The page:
The differences between Total Recall circa 1990 and Total Recall circa 2012 (starring Colin Farrell and Kate Beckinsale) are vast. And according to Time magazine, the differences between the two movies tell us a lot about the way that our society has changed in the last 12 years, as well as telling us a lot about how the expectations of the movie-going public have changed.
Contrast, for example, the two men cast in the lead role of Douglas Quaid. Take Arnold Schwarzenegger, with his muscular body of He-Man-like proportions, his monosyllabic delivery, "the go-to guy when you (need) someone uncomplicated who, when faced with a problem, would rather shoot it and sneer over its corpse with a wisecrack than waste time figuring it out." Then take Colin Farrell, the widely-respected actor with a body that screams 'conscientious movie actor,' rather than 'former weightlifting champion,' with his acting school background and his Golden Globe-winning acting career. Compare Sharon Stone, with her late 90s vampish glamour and Kate Beckinsale, with her slightly-more-restrained British sexiness. Just two of many indicators that modern cinema goers expect a little more in the way of intellectual stimulation in their science-fiction action movies.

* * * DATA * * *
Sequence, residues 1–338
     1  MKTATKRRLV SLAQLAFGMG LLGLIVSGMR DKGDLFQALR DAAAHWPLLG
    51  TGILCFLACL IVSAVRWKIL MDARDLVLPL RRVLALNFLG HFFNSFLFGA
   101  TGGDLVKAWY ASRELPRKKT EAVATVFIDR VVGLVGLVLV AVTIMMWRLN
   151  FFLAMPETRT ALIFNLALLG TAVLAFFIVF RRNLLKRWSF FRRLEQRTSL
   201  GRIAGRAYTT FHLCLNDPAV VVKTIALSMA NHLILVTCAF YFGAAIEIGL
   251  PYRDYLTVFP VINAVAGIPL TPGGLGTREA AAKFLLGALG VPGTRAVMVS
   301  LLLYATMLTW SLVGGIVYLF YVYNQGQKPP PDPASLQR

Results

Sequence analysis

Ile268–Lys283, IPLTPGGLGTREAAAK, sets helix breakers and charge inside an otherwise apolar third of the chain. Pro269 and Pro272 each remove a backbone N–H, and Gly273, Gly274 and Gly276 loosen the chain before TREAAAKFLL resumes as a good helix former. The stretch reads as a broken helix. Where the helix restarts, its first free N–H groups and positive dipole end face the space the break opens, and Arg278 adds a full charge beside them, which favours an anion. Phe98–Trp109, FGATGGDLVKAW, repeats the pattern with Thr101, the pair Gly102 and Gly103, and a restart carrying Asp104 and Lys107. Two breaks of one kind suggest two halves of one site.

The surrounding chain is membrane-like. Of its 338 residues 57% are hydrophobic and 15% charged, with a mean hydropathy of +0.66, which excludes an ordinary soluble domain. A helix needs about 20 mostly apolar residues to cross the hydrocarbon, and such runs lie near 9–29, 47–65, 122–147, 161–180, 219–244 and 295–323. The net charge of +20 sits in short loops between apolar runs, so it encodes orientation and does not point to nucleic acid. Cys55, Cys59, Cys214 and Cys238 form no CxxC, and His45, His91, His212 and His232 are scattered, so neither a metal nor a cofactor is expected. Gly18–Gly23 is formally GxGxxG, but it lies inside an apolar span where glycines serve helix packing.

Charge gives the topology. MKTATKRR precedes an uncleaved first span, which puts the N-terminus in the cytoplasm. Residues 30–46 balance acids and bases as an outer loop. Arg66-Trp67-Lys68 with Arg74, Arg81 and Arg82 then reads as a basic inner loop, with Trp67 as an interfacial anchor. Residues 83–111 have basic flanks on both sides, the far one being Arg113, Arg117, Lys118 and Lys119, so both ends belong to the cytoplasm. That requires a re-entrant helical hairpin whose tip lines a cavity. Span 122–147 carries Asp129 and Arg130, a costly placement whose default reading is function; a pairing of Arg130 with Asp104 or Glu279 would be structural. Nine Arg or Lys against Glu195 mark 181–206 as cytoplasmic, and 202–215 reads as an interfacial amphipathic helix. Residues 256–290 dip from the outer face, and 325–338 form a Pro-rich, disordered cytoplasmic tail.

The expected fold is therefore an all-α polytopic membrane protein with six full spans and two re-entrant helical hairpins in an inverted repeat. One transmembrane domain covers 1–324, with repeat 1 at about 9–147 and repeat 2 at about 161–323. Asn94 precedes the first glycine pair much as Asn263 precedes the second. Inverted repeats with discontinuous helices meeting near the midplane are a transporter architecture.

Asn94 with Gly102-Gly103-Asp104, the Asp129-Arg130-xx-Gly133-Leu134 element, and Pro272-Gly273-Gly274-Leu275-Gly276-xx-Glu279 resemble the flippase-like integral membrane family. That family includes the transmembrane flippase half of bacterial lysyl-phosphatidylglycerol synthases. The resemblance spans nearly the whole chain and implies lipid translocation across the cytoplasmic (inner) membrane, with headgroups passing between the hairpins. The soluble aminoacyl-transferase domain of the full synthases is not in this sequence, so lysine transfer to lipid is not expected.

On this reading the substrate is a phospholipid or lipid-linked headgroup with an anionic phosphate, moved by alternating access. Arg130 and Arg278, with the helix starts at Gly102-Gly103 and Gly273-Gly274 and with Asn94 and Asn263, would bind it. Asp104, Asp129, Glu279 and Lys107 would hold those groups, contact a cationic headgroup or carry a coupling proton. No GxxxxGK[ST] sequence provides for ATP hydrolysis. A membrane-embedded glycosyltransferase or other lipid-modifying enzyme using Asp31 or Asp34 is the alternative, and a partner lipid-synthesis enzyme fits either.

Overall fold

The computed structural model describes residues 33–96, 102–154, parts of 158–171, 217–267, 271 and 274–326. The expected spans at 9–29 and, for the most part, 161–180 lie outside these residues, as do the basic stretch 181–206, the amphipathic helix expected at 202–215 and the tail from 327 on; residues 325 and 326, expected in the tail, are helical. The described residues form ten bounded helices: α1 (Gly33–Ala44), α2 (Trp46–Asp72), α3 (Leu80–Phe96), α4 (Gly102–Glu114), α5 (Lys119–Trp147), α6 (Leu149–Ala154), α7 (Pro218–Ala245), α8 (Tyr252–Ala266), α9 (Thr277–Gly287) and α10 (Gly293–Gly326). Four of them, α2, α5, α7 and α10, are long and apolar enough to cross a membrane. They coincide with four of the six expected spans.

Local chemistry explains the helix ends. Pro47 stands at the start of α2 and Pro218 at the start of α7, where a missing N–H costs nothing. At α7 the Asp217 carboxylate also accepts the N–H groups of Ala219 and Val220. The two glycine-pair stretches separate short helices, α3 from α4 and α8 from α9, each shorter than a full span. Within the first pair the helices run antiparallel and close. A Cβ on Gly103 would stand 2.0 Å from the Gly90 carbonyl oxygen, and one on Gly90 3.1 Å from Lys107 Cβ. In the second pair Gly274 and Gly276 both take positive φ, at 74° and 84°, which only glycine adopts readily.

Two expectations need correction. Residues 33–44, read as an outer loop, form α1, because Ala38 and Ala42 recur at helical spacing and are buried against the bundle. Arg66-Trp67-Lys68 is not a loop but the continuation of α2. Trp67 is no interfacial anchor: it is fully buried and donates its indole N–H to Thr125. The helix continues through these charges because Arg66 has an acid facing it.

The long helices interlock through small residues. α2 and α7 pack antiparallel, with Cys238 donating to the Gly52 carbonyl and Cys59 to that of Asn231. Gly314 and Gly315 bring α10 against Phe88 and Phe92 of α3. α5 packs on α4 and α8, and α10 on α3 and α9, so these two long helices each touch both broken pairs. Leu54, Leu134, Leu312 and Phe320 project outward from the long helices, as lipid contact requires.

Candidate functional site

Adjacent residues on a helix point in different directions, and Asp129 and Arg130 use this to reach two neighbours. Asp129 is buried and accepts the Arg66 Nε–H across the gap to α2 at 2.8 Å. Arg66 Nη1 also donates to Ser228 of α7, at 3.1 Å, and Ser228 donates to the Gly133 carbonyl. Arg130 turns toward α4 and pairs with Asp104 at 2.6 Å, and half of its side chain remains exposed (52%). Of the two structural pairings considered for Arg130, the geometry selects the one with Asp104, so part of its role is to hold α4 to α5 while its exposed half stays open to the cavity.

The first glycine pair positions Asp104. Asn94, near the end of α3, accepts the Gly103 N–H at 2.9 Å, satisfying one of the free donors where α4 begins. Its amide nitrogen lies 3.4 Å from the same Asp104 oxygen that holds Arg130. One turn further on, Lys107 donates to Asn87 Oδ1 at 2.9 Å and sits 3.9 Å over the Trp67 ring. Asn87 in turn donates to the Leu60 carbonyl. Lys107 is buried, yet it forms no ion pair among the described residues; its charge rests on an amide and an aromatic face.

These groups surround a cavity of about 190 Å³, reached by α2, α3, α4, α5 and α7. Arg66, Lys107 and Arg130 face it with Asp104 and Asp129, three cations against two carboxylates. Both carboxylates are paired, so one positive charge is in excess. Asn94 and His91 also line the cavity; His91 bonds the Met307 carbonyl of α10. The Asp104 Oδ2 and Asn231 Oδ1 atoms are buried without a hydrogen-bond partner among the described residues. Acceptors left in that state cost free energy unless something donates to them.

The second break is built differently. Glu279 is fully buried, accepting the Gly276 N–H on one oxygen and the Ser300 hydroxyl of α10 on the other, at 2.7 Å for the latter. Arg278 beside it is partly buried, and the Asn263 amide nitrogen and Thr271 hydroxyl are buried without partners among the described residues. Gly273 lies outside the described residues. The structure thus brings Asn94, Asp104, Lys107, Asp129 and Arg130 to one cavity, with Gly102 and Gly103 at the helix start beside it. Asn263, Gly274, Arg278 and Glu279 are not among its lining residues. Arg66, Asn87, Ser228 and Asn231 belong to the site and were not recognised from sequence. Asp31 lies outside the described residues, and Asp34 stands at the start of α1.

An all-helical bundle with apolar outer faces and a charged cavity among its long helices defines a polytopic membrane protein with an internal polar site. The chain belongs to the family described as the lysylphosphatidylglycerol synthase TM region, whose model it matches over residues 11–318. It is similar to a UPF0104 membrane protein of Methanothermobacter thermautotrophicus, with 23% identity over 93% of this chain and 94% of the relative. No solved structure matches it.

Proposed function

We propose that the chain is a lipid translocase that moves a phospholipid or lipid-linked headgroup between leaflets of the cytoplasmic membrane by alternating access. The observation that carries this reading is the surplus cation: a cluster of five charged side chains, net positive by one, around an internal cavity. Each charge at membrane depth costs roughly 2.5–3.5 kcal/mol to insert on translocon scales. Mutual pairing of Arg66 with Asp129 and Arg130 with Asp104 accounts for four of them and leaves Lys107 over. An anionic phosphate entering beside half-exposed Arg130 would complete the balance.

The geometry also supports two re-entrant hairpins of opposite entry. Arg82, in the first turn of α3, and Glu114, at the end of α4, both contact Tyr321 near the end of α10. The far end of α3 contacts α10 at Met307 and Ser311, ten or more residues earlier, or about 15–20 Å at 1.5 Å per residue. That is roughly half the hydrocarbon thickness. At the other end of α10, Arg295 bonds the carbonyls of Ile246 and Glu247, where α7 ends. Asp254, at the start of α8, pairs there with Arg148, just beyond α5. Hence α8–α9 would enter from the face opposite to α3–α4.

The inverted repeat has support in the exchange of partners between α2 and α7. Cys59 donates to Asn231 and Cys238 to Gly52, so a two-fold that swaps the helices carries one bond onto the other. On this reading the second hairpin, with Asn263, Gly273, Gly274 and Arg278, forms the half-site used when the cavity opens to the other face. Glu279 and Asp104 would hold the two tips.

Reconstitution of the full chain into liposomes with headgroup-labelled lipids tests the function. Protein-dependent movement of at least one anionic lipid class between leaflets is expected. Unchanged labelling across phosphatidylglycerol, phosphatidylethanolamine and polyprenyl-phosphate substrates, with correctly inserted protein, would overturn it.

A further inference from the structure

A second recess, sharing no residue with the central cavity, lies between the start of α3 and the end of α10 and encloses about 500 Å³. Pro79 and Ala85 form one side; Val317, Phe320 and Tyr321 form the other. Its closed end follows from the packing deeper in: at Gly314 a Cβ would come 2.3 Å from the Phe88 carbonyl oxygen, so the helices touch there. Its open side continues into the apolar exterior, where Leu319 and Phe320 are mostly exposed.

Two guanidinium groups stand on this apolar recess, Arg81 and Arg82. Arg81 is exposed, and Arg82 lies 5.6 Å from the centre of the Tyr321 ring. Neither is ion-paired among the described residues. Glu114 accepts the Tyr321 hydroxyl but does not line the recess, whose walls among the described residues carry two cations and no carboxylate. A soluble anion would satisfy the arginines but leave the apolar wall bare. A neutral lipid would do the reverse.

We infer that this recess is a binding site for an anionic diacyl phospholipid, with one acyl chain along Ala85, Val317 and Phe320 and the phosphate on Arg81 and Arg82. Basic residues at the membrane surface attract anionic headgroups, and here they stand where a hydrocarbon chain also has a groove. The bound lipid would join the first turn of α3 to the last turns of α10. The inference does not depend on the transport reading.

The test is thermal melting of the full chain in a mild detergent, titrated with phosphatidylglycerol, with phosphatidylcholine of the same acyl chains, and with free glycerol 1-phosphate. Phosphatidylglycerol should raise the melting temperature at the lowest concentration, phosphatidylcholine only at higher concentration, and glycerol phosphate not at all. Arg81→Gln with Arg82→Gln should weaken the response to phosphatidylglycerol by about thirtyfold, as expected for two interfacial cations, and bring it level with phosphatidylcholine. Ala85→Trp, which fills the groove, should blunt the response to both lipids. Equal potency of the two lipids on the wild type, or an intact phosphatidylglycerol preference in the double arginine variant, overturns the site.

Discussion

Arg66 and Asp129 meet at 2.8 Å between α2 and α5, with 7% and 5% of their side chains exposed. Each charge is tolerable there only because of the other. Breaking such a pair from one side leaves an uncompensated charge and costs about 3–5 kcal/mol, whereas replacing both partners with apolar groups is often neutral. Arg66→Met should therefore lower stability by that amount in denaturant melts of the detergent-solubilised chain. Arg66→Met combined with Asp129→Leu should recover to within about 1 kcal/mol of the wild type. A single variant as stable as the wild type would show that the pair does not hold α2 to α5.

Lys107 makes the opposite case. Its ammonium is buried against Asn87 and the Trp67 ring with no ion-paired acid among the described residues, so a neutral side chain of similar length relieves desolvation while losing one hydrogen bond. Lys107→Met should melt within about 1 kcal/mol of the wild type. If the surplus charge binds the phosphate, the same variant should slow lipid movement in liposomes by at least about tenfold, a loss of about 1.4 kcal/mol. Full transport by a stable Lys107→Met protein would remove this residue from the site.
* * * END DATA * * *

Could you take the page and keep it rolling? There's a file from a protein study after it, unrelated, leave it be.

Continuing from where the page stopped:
"Where the original Total Recall was glib to the point of distraction - no surprise, perhaps, coming from Paul Verhoeven," says Graeme MCMillan, for Time magazine, "the new version seems to go almost too far in its desire to suggest some deeper meaning and emotional resonance to the idea of fictionalized memories and nature versus nurture versus implanted personalities." Coming hot on the heels of Prometheus and Inception, it looks as though Total Recall is pandering to our desire for a bit of a cerebral challenge when we settle down with our popcorn.